Seen At 11: An Inside Look At Investigating Terrorism

NEW YORK (CBSNewYork) — The NYPD Crime Scene Unit worked for days canvassing the Chelsea bombing scene, beginning the framework to catch a suspect.

The team and the work they do often escape the glare of the media.

CBS2’s Kristine Johnson was recently given exclusive access inside to see what it’s like investigating terror.

The Chelsea bombing nearly two weeks ago sent glass flying and people fleeing, and injured 29 innocent people.

Among the first on the scene was the Crime Scene Unit, an elite, highly trained squad led by Deputy Inspector Michael King, who described arriving in Chelsea that Saturday night.

“You’re racing against the clock,” he said.

“We’re trying to find the seat of the bomb, which is where the explosion occurred.”

Do the officers try to block it out that another bomb could go off at any time?

“I do,” King said. “I get to the scene, and the fear has to be blocked out and you have to be focused.”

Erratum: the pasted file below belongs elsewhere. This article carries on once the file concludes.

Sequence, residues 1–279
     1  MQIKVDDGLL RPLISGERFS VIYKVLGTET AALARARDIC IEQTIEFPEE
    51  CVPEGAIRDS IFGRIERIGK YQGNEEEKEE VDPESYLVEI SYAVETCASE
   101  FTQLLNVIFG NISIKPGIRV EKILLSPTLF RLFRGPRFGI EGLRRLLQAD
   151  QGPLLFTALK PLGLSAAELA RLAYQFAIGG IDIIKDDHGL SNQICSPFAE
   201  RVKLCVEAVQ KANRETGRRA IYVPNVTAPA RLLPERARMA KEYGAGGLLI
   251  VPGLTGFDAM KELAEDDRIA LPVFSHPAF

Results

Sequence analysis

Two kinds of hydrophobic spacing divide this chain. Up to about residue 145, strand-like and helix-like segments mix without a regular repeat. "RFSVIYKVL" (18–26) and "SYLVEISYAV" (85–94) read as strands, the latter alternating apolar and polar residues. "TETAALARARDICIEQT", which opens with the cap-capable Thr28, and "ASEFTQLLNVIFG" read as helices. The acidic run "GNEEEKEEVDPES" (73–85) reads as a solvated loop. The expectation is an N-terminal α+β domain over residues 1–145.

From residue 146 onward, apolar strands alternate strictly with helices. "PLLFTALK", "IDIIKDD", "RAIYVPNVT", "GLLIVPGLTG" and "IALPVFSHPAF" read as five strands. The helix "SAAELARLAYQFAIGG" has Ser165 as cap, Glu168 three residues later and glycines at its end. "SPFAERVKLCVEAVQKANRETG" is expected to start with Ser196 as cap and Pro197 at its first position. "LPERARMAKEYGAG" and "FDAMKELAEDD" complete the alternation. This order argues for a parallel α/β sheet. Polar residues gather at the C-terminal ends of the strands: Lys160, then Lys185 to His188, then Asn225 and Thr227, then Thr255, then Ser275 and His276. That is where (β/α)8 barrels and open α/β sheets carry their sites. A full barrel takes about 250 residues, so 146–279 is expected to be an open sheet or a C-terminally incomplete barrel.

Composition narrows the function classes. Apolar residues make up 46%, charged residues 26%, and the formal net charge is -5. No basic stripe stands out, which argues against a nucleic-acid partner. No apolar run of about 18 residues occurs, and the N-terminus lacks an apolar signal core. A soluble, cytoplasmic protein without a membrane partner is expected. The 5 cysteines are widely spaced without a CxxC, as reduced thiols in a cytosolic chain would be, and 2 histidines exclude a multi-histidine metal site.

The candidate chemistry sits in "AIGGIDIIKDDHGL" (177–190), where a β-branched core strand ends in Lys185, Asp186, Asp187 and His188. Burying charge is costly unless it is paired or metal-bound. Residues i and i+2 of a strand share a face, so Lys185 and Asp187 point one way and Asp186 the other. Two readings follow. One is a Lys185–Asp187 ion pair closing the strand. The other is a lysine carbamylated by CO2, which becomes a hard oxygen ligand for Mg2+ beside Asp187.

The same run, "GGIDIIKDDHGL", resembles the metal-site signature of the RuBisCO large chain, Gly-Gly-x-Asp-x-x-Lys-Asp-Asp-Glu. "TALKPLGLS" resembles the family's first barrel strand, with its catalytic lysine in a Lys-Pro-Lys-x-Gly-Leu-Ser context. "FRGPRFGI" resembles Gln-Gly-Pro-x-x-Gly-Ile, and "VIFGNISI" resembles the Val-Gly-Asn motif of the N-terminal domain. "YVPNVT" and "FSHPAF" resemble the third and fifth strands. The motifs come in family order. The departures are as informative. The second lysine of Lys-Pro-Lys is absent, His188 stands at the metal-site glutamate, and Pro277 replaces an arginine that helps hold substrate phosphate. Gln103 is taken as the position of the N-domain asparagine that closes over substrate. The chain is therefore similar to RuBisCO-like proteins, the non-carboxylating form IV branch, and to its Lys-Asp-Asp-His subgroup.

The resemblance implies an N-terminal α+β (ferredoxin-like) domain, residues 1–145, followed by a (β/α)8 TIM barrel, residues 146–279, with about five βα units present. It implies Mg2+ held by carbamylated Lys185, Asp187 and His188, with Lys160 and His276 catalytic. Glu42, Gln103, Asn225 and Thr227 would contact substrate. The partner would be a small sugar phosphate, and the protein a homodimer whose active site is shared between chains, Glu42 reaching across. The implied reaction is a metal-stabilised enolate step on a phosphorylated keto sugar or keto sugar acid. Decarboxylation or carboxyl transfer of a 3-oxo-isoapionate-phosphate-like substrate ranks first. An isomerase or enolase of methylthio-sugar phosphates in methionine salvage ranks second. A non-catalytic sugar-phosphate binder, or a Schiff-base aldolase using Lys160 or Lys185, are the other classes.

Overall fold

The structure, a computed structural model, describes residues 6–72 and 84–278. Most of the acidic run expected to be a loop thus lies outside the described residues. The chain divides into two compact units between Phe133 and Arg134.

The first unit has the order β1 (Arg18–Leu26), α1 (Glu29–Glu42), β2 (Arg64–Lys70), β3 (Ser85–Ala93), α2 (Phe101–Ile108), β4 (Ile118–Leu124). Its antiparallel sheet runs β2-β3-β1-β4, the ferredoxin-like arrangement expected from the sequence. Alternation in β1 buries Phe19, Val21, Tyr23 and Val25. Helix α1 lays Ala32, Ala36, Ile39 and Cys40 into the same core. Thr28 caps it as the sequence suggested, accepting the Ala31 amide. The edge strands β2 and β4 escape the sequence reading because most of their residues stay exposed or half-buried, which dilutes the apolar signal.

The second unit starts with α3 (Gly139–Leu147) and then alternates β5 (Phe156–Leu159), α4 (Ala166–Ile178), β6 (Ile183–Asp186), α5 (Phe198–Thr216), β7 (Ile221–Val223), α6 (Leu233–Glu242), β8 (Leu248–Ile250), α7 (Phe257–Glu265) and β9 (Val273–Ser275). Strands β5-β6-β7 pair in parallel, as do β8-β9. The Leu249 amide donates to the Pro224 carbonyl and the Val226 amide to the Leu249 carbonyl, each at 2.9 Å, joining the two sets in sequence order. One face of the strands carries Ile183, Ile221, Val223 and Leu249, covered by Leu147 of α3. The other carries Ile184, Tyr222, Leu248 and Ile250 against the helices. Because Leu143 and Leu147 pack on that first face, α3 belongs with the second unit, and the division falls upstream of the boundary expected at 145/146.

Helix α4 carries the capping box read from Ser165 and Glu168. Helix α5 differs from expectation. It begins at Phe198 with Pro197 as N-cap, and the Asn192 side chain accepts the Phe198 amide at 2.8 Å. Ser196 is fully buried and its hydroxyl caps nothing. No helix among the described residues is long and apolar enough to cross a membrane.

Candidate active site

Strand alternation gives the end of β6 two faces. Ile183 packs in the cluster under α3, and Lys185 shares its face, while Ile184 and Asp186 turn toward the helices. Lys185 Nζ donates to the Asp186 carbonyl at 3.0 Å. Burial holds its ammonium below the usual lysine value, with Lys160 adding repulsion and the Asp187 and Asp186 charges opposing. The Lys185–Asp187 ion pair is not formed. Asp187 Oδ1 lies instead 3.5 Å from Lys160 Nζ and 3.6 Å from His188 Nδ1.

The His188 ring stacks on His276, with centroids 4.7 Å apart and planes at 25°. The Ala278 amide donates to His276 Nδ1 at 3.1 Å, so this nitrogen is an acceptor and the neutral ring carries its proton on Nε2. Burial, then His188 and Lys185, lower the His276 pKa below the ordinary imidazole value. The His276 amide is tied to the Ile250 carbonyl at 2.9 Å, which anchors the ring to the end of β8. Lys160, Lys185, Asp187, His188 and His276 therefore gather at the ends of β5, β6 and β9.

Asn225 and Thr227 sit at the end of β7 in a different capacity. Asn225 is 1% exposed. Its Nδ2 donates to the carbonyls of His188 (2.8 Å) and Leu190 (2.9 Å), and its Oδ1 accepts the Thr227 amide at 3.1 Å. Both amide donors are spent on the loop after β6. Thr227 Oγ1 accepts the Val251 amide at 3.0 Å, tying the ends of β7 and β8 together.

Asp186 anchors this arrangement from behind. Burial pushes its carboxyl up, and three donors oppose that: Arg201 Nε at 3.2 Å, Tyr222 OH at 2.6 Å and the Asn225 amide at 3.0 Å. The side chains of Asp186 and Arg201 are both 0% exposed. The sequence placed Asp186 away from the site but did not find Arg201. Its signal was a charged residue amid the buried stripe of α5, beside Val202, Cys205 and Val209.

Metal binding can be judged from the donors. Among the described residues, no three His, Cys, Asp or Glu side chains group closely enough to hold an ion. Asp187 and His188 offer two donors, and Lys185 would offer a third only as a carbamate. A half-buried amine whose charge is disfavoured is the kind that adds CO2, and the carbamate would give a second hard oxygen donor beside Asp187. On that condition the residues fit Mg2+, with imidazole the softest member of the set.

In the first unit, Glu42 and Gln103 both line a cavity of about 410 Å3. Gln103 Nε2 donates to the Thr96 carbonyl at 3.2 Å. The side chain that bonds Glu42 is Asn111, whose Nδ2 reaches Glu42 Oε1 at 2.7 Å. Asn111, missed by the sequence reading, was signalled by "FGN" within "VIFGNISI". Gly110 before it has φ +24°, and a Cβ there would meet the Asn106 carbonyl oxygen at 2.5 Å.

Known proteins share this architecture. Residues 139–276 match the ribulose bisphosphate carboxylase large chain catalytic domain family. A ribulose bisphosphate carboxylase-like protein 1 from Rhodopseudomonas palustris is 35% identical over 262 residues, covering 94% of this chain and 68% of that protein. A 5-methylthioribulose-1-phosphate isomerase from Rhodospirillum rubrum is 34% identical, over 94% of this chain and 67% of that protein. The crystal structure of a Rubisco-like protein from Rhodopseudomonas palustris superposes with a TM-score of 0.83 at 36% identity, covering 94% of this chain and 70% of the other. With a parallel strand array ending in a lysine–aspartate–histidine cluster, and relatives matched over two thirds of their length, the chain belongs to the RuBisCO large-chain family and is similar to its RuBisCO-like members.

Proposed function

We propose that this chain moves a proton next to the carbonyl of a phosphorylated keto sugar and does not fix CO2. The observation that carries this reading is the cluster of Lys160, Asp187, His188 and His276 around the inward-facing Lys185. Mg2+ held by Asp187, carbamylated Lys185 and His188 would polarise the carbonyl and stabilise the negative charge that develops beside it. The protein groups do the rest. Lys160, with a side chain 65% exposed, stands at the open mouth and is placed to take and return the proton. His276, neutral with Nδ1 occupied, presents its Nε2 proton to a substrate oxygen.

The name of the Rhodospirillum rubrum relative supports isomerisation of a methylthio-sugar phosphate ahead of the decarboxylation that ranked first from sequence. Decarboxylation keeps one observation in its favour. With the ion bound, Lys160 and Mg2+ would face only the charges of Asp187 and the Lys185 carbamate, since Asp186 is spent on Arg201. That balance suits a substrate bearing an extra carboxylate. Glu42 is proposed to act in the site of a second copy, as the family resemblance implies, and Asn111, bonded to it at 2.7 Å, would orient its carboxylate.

Collecting evidence takes a certain mindset.

“They have to be patient,” King said. “This job processing crime scenes is very slow. They have to be meticulous.”

In tandem with the FBI, it took a week for the team to collect all of the evidence.

Why is it so crucial that they take that amount of time?

“You have one shot at that crime scene,” King said. “Once we leave and that scene’s released and cleaned up, we don’t have a second chance. We don’t have a second shot. It’s done. It’s gone.”

It’s a job they take very seriously, and they’re on it 24/7.

“No one here turns it off after they leave work,” King said. “All of us take if very personally.”

The payoff can be huge. In 2010, there was a close call when a smoking bomb left in Times Square failed to detonate. Detective Anthony D’Amato worked the case, collecting evidence that directly led to an arrest.

“It’s great just to be a part of something so big,” he said.

Investigators have also gone high-tech. Detective Anthony Ribustello demonstrated a laser scanner that measures millions of data points per second to create 3-D versions of crime scenes.

“It freezes the scene forever in time,” he said. “So you could go back to the scene like years later on.”

Less than 48 hours after the Chelsea bombing, police made an arrest.

King has this message: “Rest easy at night because we are here 24 hours a day. You ring the bell, and we answer the call.”


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